The execution of four convicts in the Nirbhaya case once again ignited the long-standing feud between the two extremists of the Death Penalty. It again stationed the topic in the public domain for a discussion about its existence in a democracy and about whose right to life is more important, the convicts or the victims.
“Unless words are an assault to senses, reformation will not follow.” This statement by Nani A. Palkhivala was triggered by the need for Judicial Reformation in India. My version of this statement is triggered on the debate of the death penalty and it goes as, “Unless actions of the state are an assault to the wrongdoer, people’s faith in democracy will not follow.”
Although neither I find myself inclined towards approaching this recourse very frequently nor it can be said that the death penalty must be jettisoned out rightly. Somehow I am with those middle-leagued people who are in the favour of imposing the death penalty only in a very heinous, monstrous, and inhumane crime which is beneath contempt or simply in rarest of rare cases.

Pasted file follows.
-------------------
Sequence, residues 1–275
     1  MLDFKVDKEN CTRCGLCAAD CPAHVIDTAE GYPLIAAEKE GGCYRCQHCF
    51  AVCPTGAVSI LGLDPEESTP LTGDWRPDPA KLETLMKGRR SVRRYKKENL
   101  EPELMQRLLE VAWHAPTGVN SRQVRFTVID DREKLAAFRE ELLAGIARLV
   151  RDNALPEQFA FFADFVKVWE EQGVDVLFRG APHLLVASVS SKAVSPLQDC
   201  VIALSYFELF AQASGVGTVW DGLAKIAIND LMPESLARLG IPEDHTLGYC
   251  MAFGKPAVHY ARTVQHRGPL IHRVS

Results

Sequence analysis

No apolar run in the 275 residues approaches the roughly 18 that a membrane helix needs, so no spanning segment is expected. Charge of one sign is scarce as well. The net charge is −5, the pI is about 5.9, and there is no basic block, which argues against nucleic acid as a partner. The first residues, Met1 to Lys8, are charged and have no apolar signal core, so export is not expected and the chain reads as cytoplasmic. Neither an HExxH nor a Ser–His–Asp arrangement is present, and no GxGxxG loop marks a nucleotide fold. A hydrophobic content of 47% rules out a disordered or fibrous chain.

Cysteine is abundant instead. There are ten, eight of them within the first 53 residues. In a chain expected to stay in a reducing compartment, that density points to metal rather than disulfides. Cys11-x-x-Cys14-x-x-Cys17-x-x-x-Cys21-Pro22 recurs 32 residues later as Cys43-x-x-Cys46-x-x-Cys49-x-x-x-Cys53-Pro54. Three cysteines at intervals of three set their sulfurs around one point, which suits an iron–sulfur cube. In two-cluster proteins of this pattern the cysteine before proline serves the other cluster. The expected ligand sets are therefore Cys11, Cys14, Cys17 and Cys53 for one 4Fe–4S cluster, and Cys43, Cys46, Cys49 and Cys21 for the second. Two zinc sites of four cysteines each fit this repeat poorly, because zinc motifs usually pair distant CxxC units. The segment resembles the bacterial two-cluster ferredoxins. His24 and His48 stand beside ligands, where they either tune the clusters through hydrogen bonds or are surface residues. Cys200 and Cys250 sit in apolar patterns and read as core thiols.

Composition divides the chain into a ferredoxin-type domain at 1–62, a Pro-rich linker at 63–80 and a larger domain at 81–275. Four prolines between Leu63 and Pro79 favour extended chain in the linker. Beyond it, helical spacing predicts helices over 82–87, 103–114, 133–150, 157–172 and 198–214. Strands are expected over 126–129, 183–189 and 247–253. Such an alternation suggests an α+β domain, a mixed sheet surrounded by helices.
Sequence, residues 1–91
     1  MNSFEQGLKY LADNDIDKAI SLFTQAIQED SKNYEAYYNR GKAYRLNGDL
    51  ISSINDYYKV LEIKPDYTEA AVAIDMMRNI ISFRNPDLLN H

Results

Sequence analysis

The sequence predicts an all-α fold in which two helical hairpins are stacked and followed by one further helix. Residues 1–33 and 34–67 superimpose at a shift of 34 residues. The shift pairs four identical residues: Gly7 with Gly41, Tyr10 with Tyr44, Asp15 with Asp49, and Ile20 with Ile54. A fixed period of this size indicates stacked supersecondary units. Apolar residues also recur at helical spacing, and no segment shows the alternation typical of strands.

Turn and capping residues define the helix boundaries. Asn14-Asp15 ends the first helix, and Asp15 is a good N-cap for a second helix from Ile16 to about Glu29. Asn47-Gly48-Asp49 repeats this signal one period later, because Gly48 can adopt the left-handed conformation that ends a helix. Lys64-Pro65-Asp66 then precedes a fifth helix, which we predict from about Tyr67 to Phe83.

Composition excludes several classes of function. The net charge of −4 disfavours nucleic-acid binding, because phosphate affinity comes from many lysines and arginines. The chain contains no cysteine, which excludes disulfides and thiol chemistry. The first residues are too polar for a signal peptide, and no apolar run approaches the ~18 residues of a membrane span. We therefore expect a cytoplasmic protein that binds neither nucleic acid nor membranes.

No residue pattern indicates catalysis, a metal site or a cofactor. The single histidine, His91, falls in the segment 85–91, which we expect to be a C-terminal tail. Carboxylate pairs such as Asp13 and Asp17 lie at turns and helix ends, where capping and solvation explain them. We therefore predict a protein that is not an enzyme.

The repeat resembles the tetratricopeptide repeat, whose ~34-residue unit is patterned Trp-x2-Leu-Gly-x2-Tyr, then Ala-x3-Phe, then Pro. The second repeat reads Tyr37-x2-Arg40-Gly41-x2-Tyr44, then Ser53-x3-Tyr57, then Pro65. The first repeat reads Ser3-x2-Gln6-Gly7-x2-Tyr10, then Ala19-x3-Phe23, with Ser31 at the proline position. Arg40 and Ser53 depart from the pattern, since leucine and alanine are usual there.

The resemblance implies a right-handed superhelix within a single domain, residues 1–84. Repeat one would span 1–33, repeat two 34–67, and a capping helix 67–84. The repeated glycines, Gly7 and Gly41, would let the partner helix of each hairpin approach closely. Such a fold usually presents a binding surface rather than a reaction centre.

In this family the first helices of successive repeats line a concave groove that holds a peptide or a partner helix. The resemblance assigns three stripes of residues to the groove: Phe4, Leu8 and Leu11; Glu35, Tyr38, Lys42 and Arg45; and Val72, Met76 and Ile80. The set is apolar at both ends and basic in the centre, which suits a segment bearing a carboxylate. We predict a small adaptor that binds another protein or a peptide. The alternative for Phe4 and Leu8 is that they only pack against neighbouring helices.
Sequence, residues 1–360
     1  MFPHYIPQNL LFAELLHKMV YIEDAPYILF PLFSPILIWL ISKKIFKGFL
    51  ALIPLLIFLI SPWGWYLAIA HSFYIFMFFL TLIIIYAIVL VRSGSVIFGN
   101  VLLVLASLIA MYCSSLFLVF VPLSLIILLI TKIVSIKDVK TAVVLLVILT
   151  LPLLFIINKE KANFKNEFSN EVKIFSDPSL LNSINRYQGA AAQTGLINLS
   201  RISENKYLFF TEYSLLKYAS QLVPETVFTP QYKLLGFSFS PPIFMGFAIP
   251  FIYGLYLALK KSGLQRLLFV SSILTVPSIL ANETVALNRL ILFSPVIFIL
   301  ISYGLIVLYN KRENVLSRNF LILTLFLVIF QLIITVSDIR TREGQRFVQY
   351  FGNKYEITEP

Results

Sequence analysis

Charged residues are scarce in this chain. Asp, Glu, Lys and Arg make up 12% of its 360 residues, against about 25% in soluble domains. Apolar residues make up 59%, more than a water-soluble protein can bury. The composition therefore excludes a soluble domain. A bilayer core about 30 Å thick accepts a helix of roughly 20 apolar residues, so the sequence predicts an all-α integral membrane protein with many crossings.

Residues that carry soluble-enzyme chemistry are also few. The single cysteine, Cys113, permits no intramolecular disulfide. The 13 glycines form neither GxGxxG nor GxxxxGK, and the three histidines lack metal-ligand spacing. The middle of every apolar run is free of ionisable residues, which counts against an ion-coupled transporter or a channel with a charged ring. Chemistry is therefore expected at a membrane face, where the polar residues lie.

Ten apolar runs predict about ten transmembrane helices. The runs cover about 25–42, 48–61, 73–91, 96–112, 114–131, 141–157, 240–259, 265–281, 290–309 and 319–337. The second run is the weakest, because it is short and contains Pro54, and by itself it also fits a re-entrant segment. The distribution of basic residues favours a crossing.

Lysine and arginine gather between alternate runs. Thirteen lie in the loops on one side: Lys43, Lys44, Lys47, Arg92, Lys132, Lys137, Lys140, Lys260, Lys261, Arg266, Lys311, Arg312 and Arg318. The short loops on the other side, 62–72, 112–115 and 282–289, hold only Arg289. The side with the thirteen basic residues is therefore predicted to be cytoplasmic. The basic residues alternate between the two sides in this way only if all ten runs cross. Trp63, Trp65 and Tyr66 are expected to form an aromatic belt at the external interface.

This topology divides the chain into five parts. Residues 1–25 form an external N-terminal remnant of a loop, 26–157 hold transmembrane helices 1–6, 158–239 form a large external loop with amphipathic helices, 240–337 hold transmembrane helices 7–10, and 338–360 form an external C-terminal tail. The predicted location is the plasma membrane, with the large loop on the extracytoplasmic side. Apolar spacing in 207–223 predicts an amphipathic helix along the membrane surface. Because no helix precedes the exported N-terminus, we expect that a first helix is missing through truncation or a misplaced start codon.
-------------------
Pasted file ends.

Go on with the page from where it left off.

Death Penalty as a Deterrent
According to abolitionists, since the death penalty does not at all bring deterrence in society, it must be abolished. Although it must be said that deterrence is not the only plausible aim of the death penalty and if this is the only aim, where will the justice for the victim find its place? Similarly, if this is the only aim then victims must bury their hope for justice fifty fathoms deep.
The death penalty as a deterrent cannot work in the long run in as much as in India. It is so because the average rate[i] of conviction in India(2000-2018) is 42.3% and in rape cases, it is 24% and these meager rates would never prevent a plaintiff from committing rape or any other crime. Deterrence is effective where a person has grown up in a society witnessing every wrongdoer undergoing a punishment but this is not what happens in India but it happened in California.